Saturday, August 31, 2013

Plant Garlic Now

Summer's unofficial end is this weekend, with the Labor Day holiday, even though the autumnal equinox is a few weeks away. From now until about the middle of September is the perfect time to plant garlic and shallots for next year's harvest.

You can purchase seed bulbs of both garlic and shallots from many garden centers, but I just shop for mine at the local market. I select organically grown, large, healthy bulbs and, in the case of the garlic, separate them into cloves, planting only the largest ones. Do not remove the papery skin, which protects the cloves against rot. Just press them into prepared soil, spacing garlic cloves about six inches apart, and shallots about a foot apart. Keep well-watered until the weather cools down and growth slows in November. Add organic fertilizer to the planting bed, or side dress after the shoots emerge. Feed them again in the spring and once more when they are about a foot tall. Keep the growing bed free of weeds, which can severely limit production. They will be ready to harvest next July.

Fall vegetable starts will appear in garden centers this week. Now is a great time to transplant starts of broccoli, cabbage, cauliflower and kale. Lettuce plants can also go in the ground now, or you can direct seed for a row of cutting greens. September is also a great time to sow cilantro and chervil, two herbs that can add flavor to your cooking all winter. Growing either one in an unheated greenhouse or coldframe will assure a long harvest. Cilantro seldom does well in a pot, but chervil will grow into a specimen in a ten to twelve inch wide container. Keep both herbs well-watered if rainfall is insufficient, or they are growing under cover.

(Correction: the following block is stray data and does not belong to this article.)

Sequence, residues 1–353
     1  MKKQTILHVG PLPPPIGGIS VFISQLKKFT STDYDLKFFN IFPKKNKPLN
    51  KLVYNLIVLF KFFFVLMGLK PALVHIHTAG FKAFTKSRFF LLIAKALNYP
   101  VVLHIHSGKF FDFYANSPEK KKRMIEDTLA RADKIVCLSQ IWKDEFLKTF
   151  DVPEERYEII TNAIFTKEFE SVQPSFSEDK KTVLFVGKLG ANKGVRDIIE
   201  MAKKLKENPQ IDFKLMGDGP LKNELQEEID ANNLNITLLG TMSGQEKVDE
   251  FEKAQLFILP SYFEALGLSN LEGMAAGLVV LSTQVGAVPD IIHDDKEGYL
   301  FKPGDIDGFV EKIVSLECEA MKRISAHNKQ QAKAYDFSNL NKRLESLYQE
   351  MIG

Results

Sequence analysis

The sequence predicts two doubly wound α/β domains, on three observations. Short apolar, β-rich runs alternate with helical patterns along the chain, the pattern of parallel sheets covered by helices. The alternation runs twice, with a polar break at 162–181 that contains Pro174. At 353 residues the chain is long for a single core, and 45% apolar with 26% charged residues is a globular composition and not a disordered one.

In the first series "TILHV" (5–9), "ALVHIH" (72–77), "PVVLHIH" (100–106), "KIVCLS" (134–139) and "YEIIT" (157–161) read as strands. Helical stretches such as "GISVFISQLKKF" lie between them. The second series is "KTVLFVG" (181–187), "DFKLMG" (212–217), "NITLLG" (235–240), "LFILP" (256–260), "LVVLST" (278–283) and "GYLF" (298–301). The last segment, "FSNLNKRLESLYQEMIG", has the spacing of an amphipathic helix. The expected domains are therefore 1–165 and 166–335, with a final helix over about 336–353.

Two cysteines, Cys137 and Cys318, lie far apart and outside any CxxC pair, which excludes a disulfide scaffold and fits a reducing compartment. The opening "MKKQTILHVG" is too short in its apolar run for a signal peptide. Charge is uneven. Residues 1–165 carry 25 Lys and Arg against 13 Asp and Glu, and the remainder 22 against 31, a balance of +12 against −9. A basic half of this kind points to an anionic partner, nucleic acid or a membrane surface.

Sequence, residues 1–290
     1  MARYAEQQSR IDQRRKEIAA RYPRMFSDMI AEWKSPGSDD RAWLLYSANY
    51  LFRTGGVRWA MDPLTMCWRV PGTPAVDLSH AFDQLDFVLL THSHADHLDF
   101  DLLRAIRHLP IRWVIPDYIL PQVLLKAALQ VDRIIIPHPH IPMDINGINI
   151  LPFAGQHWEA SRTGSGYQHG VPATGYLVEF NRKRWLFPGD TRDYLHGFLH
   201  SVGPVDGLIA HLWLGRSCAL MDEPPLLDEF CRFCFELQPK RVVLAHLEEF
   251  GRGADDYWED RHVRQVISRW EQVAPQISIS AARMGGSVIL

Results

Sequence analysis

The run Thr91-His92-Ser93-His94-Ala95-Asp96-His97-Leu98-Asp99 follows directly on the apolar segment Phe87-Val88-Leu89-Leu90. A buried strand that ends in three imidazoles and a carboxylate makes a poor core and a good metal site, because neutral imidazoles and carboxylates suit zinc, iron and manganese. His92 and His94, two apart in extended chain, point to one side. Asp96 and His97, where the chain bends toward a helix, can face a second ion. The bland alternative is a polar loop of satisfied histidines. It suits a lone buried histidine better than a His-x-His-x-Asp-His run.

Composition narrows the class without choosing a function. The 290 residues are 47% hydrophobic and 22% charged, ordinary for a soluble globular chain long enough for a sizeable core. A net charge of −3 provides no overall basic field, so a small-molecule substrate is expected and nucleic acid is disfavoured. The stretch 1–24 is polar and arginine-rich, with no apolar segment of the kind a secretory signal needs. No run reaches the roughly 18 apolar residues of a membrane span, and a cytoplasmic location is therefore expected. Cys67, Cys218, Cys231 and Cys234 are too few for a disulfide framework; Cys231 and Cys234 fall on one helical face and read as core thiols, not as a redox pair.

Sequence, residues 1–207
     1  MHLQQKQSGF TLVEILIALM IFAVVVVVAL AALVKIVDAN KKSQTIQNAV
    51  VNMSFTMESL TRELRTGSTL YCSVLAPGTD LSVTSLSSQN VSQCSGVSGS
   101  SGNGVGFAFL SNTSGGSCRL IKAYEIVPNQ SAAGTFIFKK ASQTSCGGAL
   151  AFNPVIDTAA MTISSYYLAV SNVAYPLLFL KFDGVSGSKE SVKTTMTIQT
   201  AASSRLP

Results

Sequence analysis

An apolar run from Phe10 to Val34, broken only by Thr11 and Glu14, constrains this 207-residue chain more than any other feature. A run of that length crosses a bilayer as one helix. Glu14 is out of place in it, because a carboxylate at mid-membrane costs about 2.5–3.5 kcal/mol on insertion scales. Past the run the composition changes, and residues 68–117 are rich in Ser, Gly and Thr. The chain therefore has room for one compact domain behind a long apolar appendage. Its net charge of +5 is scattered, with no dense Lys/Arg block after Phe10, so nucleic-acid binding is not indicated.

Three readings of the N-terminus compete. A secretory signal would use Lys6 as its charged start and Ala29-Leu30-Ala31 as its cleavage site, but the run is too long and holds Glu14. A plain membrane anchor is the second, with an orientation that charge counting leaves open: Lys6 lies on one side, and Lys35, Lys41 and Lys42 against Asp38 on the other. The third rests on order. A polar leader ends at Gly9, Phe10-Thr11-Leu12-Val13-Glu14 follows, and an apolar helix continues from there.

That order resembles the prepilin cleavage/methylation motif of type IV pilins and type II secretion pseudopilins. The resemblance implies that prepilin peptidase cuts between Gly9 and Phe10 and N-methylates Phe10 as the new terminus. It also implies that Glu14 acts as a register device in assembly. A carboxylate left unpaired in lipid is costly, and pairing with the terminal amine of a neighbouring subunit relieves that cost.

Our Plant of the Week on this morning's edition of "Garden Talk" was lilyturf, Liriope muscari. This is a tough plant for creating a border between a flower bed and a lawn, as grass has difficulty invading an established clump of lilyturf. Ideal conditions are rich, moist soil in partial shade, but this is a durable and tolerant plant that grows just about anywhere, yet remains non-invasive. A large number of cultivars are available, including some with variegated foliage, gold foliage, and flowers in white, pink, and various shades of purple. The size range is from about a foot tall to over two feet. Plants form clumps a foot or so across, and do not spread. Creeping lilyturf, L. spicata, is also available for use as a groundcover, as it does spread by underground rhizomes.

Among the most abundant veggies in the garden this time of year is okra, and frying is one of the favorite ways to enjoy it. You can cut down on carbs and fat by frying okra without breading. Breading okra was invented, possibly, as a way to spruce up pods that were a bit beyond their prime and therefore less flavorful than freshly picked. If you have okra in the garden, you can capture all the flavor by frying it without breading. After picking, simply wipe the pods with a kitchen towel and leave them at room temperature until you are ready to cook them. Do not wash the pods. This will encourage mold if they need to keep for a day or two, and if done prior to slicing will make the okra slimy.

Fried Okra
2 cups sliced fresh okra
1 tablespoon bacon drippings (optional)
1/2 cup vegetable oil
seasoned salt (recipe follows)

In a heavy cast iron skillet, heat the oil (with the bacon fat, if used) until it ripples and a small piece of okra sizzles as soon as it is dropped in. Dump in the remainder of the okra and cook, turning occasionally, until most of the okra pieces are as well-browned as you prefer. Drain on paper towels and sprinkle with seasoned salt. Serve immediately.

Seasoned Salt
Combine 1/4 teaspoon each of paprika, garlic powder, onion powder, salt and freshly ground black pepper. Use a much or as little as you like on freshly fried okra, and store the rest in an airtight container.

No comments: